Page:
Is the Environmental Appeals Board Unconstitutional or Unlawful?

13 Pages Posted: 2 May 2019

Date Written: April 9, 2019

Abstract

The Administrator of the EPA created the Environmental Appeals Board (EAB) in 1992 and appointed three members (now four) to execute the Administrator’s function as the final decisional authority of EPA in its agency adjudications. Given this function, the members of the EAB must be inferior officers of the United States. However, the Appointments Clause of the Constitution requires that all officers be appointed by the President with the advice and consent of the Senate, except that Congress may vest the appointment of inferior officers in the President alone, the heads of departments, or the courts of law. Unfortunately, no statute authorizes the Administrator to appoint the EAB members, and no statute authorizes the Administrator to delegate his functions to the EAB members.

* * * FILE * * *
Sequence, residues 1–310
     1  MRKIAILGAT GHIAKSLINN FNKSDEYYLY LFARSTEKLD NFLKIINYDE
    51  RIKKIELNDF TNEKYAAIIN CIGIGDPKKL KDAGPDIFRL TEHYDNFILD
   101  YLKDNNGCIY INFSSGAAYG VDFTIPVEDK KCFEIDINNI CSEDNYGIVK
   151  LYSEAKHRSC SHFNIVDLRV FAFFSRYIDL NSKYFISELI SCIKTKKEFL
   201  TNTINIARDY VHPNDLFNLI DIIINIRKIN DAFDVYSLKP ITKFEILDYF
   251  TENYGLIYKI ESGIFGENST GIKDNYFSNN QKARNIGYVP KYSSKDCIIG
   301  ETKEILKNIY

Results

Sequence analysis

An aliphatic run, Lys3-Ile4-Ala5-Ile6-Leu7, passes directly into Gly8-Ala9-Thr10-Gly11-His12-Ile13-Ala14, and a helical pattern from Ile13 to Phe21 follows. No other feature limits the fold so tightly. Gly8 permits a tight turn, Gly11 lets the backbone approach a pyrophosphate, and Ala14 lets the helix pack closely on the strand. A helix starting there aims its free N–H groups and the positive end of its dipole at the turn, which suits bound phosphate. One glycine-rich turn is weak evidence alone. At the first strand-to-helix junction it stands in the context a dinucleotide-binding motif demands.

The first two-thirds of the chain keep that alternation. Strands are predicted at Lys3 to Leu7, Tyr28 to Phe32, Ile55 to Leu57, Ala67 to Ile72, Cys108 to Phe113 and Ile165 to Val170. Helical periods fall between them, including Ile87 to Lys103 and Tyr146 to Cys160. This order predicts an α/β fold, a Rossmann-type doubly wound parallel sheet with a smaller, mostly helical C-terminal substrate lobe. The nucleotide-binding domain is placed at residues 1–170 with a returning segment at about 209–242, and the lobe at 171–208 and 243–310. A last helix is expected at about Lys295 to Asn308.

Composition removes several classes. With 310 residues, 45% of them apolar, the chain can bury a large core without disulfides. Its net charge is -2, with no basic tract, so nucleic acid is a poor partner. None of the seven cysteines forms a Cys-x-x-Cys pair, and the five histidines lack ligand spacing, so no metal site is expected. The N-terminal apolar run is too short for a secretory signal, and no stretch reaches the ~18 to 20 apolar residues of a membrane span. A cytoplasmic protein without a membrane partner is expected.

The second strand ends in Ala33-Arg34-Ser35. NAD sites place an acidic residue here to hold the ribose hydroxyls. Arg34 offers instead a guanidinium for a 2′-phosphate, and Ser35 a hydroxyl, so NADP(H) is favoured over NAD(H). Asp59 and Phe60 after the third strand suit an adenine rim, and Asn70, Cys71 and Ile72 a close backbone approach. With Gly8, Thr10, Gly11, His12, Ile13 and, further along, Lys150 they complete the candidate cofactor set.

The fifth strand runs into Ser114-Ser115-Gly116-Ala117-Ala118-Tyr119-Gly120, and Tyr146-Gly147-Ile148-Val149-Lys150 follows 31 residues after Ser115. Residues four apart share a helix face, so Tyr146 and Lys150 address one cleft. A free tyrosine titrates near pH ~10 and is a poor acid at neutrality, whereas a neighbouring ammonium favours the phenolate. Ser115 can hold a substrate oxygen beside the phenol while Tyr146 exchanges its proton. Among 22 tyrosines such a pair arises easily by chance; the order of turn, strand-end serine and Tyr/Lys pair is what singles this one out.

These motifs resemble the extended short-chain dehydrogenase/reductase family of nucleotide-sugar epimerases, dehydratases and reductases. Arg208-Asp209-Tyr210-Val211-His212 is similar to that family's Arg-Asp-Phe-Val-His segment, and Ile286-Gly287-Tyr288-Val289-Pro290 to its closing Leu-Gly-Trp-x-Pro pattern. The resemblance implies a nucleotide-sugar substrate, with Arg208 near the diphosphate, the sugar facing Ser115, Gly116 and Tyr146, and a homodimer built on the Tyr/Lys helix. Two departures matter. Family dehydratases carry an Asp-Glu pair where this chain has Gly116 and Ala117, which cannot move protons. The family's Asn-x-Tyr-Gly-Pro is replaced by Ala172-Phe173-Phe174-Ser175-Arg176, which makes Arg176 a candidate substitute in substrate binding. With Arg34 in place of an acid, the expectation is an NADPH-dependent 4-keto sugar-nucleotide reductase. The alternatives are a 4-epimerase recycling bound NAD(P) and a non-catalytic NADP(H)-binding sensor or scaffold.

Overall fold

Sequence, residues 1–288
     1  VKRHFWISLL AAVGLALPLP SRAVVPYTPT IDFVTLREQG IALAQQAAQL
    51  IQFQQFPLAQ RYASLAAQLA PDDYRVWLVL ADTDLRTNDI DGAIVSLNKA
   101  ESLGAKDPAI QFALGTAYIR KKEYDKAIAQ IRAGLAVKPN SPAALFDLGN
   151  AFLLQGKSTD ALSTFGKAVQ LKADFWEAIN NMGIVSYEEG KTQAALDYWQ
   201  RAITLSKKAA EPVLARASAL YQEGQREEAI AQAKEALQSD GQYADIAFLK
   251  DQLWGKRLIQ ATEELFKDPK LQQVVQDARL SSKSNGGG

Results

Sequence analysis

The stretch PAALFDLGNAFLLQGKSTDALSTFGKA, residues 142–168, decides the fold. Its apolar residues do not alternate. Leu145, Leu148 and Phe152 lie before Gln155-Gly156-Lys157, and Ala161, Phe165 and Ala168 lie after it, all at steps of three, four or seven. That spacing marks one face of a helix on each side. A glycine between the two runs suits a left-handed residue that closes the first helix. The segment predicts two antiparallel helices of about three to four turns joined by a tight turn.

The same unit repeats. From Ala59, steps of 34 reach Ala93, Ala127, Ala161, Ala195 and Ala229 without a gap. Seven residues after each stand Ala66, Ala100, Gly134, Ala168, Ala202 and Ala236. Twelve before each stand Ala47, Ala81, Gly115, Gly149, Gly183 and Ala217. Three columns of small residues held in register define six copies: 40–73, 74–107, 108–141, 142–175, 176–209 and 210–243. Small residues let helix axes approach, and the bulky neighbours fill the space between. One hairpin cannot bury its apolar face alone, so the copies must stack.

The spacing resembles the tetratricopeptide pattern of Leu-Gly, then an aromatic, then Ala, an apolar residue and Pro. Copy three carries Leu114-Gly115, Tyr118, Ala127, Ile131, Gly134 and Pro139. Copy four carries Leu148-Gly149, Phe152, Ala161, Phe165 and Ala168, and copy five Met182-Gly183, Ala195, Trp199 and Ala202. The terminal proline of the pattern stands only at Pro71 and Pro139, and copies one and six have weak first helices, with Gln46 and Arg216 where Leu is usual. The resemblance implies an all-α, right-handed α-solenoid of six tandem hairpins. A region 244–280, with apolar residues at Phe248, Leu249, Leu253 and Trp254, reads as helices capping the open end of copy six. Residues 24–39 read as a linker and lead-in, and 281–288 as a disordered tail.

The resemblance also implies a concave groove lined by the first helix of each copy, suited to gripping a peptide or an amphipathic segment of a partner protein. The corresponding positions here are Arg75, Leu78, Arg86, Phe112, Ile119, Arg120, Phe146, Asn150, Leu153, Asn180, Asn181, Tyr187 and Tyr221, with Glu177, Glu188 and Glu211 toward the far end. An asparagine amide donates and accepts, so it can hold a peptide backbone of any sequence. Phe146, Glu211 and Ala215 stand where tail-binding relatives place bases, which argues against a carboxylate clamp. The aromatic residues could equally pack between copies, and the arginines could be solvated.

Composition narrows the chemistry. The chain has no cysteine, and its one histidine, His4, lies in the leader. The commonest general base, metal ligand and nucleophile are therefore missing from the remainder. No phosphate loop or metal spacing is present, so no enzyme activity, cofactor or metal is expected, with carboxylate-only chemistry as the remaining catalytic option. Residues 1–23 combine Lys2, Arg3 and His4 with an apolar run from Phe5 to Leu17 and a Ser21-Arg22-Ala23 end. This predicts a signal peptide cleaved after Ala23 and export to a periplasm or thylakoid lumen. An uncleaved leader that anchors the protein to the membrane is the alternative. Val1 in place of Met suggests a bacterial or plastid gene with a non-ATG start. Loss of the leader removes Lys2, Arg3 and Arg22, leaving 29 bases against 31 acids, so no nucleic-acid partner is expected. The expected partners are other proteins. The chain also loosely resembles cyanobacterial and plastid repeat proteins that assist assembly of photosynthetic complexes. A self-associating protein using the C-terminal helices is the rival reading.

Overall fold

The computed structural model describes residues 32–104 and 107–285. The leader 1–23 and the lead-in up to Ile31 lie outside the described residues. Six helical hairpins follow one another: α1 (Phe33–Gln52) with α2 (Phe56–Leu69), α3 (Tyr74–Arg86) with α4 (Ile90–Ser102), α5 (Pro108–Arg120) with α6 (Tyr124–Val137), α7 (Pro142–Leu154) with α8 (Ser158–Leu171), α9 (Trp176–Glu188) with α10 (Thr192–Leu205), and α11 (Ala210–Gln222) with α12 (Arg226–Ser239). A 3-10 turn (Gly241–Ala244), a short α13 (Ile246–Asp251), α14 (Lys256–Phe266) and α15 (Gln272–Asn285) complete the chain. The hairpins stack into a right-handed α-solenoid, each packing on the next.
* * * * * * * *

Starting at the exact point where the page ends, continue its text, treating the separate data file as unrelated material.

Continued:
This article addresses these failings and assesses possible ways in which the EAB might be constitutional and lawful. It concludes that it takes a significant stretching of the law and statutory interpretation to save the EAB, and it suggests that Congress solve this problem by clearly authorizing the appointment of and delegation to the members of the EAB of the final decisional authority of the agency.

Keywords: appointments, delegation, statutory interpretation, administrative law, constitutional law

JEL Classification: k23,k32

Suggested Citation

Funk, William F., Is the Environmental Appeals Board Unconstitutional or Unlawful? (April 9, 2019). Environmental Law, Forthcoming. Available at SSRN: https://ssrn.com/abstract=3368636

William F. Funk (Contact Author)

Lewis & Clark Law School ( email )

10015 S.W. Terwilliger Blvd.
Portland, OR 97219-7799
United States
503-768-6606 (Phone)
503-768-6671 (Fax)

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